Archimedes engine
Country of originUnited States
New Zealand
DesignerRocket Lab
ManufacturerRocket Lab
ApplicationFirst- and second-stage engine [1]
StatusIn development
Liquid-fuel engine
PropellantLOX / liquid methane[1]
Thrust, vacuum200,000 lbf (890 kN) (Vacuum version)[2]
Thrust, sea-level165,000 lbf (730 kN) [2]
Throttle range100% - 50%
Specific impulse, vacuum329s (SL)
365s (Vac version)[2]
Burn timemultiple[3]
Used in

Archimedes is a liquid-fuel rocket engine burning liquid oxygen and liquid methane in an oxidizer-rich staged combustion cycle.[2][3] It is designed by aerospace company Rocket Lab for its Neutron rocket.[1][2]


Archimedes was presented on December 2, 2021 in a webcast by Rocket Lab CEO Peter Beck.[4] It was presented as a fully reusable, gas generator engine using LOX and methane as propellant, a departure from the company's previous Rutherford, which is electrically pump fed. He then stated that it had a thrust of 1 MN (220,000 lbf) and 320 seconds of specific impulse. The same day, the Neutron page on Rocket Lab's website was updated specifying the thrust of the seven Archimedes used on the first stage as 5,960 kN (1,340,000 lbf) at sea level and a maximum thrust of 7,530 kN (1,690,000 lbf) and the upper stage's single vacuum optimized Archimedes at 1,110 kN (250,000 lbf). It is expected to have its first hot-fire test during 2022.[5]

In an interview published on CNBC website, Mr. Beck stated that Archimedes would be manufactured in New Zealand and its very simple design had "all the things you want when you have to build an engine that can be reused over and over again.”[6] In the September 21st, 2022 Investor Day Presentation, the engine design had changed to an oxidizer-rich staged combustion cycle.[2] The presentation stated that the sea level version would have a maximum thrust of 730 kN (160,000 lbf) with a vacuum isp of 329s and would be able to throttle to a 50% of maximum thrust.

Meanwhile the vacuum optimized version, would have a maximum thrust of 890 kN (200,000 lbf), an isp of 367s and the same throttling capabilities of 50% of maximum thrust.[2][3] It was also implied, but not confirmed, that the engine would be built in the Virginia, USA factory. It was disclosed they would use the Stennis Space Center A-3 Test stand for development testing. They expected to start preburner testing in that or following quarter, hopefully starting full engine testing at Stennis before 2023 ends, and hoped to be able to launch in 2024. [3]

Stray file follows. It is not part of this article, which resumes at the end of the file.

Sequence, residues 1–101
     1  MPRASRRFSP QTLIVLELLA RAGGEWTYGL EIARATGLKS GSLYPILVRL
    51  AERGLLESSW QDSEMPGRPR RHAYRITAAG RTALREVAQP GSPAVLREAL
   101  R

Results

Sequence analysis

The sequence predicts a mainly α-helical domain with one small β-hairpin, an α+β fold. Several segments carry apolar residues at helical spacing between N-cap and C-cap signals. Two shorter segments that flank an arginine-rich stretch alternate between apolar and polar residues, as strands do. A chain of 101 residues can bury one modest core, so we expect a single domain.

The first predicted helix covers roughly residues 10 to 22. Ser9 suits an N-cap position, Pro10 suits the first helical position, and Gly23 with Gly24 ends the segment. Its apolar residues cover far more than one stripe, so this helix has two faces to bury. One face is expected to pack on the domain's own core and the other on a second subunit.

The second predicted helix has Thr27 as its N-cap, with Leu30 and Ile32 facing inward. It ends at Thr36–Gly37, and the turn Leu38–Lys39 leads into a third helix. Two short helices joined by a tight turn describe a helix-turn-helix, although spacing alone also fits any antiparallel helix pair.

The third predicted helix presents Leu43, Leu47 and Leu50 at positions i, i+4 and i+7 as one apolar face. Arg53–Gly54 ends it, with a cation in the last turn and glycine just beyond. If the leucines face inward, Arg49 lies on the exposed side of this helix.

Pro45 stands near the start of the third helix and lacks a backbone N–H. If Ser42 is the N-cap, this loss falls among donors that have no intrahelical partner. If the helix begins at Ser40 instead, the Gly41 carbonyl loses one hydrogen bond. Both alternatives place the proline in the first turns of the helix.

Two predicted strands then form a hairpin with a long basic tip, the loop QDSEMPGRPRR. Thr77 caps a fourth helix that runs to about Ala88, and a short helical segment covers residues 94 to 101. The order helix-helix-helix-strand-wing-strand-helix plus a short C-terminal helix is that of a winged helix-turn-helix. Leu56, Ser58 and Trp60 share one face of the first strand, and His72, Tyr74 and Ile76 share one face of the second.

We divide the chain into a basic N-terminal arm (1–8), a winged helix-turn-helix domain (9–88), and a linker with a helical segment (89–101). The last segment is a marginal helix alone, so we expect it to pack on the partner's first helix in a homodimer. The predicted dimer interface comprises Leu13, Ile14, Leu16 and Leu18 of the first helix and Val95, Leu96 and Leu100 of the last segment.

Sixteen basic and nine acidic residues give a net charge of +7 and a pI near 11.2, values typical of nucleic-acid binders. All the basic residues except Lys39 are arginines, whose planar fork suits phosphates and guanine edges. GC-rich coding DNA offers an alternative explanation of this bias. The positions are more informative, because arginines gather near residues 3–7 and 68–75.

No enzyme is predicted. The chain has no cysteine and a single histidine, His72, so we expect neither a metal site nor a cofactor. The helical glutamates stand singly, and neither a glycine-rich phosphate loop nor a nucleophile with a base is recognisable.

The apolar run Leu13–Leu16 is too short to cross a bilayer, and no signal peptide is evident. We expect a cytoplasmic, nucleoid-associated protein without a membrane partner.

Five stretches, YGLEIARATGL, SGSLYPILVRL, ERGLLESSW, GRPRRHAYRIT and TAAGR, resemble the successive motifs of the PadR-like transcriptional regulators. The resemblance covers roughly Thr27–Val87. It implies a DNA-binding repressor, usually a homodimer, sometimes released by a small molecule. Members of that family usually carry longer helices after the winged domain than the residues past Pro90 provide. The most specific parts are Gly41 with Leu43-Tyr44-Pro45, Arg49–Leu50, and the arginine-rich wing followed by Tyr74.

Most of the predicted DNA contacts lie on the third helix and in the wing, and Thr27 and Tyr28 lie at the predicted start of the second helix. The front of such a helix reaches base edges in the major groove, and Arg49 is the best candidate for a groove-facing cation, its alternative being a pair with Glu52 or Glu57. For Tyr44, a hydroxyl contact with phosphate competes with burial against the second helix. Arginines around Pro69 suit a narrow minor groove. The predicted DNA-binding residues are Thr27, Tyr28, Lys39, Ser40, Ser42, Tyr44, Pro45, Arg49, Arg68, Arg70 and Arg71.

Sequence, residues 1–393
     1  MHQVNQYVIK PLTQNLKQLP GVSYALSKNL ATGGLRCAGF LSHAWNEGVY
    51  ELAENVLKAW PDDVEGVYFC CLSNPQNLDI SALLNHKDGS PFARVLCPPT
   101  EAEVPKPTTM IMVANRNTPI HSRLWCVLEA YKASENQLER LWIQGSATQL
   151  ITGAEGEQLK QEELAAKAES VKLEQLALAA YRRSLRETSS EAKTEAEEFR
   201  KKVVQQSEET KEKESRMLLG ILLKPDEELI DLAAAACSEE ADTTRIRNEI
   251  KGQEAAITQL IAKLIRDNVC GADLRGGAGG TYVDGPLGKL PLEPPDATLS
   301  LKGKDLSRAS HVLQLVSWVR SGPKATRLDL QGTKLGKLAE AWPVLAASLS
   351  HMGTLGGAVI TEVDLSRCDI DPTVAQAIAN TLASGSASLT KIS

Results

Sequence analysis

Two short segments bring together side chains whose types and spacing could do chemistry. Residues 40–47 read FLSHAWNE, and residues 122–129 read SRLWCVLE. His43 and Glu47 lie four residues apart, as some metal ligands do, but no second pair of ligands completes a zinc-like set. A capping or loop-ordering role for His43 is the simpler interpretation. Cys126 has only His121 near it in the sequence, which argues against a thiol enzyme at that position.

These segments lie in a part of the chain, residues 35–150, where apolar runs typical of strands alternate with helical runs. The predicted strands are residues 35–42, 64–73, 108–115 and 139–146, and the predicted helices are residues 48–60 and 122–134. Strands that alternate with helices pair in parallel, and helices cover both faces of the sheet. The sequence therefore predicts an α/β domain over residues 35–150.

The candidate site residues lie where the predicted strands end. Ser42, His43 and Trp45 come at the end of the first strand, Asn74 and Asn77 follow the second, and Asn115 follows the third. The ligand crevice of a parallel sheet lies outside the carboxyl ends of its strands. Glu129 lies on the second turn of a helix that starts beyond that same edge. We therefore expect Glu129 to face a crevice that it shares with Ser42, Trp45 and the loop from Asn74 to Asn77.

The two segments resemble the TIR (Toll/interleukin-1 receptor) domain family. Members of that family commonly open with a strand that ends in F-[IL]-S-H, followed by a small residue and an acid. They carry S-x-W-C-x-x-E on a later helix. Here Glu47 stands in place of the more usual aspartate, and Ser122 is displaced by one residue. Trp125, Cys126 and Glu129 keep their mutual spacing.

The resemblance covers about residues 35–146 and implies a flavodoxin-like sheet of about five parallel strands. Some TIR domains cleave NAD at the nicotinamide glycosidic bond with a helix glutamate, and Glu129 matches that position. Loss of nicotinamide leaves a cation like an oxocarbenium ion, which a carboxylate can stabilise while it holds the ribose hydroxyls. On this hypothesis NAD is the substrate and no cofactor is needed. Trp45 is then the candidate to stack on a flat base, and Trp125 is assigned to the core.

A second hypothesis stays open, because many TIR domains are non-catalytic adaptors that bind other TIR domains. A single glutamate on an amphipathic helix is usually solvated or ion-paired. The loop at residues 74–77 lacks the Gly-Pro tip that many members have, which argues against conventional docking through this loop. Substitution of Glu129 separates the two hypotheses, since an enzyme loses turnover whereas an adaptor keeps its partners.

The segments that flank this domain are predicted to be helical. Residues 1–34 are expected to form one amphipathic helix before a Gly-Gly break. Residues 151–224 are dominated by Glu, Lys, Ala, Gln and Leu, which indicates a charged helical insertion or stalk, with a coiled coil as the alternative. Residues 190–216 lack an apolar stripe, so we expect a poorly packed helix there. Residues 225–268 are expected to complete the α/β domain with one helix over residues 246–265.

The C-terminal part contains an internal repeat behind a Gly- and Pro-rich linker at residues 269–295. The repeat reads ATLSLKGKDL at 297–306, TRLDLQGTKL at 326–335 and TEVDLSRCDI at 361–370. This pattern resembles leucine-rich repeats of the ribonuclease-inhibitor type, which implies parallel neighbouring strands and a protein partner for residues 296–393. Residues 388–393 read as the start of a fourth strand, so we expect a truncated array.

Archimedes is presented as a highly reusable liquid-propellant engine using methane and liquid oxygen in a oxidizer-rich staged combustion cycle.[2][3] There are both sea-level and vacuum variants. The engine is mostly 3D printed, with some of the biggest 3D printers in the world. The rationale for the cycle change from the original gas generator was that they could not get the performance they needed through all the throttle points that a reusable rocket needs, without pushing the turbine temperature and other factors beyond their preset limits. By changing to the higher performing cycle but with lower performance requirements, they were able to lower temperatures and other stress factors and increase margins everywhere, making reusability much more attainable.[3]

See also


  1. ^ a b c "Neutron Rocket Lab". Rocket Lab. 2021-12-02. Archived from the original on 2021-12-02. Retrieved 2021-12-02.
  2. ^ a b c d e f g h i j "2022 Inverstor Day and Neutron Update" (PDF). Rocket Lab. 2022-09-21. Archived from the original (PDF) on 2022-09-22. Retrieved 2022-09-22.
  3. ^ a b c d e f g h Rocket Lab 2022 Investor Day & Neutron Update (YouTube video). Rocket Lab. 2022-09-21. Retrieved 2022-09-22.
  4. ^ Neutron Rocket - Major Development Update (YouTube video). Rocket Lab. 2021-12-02. Retrieved 2021-12-02.
  5. ^ Gebhardt, Chris (2021-12-02). "Neutron switches to methane/oxygen, 1 Meganewton Archimedes engine revealed". NASA SpaceFlight. Archived from the original on 2021-12-02. Retrieved 2021-12-02.
  6. ^ Sheetz, Michael (2021-12-02). "Neutron Rocket Lab". CNBC. Archived from the original on 2021-12-02. Retrieved 2021-12-02.